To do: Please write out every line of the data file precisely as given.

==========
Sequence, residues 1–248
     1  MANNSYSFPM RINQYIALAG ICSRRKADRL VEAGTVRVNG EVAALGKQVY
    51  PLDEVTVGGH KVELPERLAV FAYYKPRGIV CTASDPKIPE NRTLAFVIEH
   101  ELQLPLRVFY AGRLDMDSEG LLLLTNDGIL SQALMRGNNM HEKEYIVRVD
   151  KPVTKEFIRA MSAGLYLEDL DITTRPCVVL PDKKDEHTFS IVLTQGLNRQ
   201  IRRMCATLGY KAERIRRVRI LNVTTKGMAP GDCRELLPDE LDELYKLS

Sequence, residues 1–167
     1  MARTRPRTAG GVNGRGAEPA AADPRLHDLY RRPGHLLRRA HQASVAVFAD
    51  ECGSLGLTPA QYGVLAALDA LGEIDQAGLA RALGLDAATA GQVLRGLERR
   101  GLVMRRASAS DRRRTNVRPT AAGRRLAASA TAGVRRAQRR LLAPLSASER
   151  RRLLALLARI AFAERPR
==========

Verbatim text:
Sequence, residues 1–248
     1  MANNSYSFPM RINQYIALAG ICSRRKADRL VEAGTVRVNG EVAALGKQVY
    51  PLDEVTVGGH KVELPERLAV FAYYKPRGIV CTASDPKIPE NRTLAFVIEH
   101  ELQLPLRVFY AGRLDMDSEG LLLLTNDGIL SQALMRGNNM HEKEYIVRVD
   151  KPVTKEFIRA MSAGLYLEDL DITTRPCVVL PDKKDEHTFS IVLTQGLNRQ
   201  IRRMCATLGY KAERIRRVRI LNVTTKGMAP GDCRELLPDE LDELYKLS

Sequence, residues 1–167
     1  MARTRPRTAG GVNGRGAEPA AADPRLHDLY RRPGHLLRRA HQASVAVFAD
    51  ECGSLGLTPA QYGVLAALDA LGEIDQAGLA RALGLDAATA GQVLRGLERR
   101  GLVMRRASAS DRRRTNVRPT AAGRRLAASA TAGVRRAQRR LLAPLSASER
   151  RRLLALLARI AFAERPR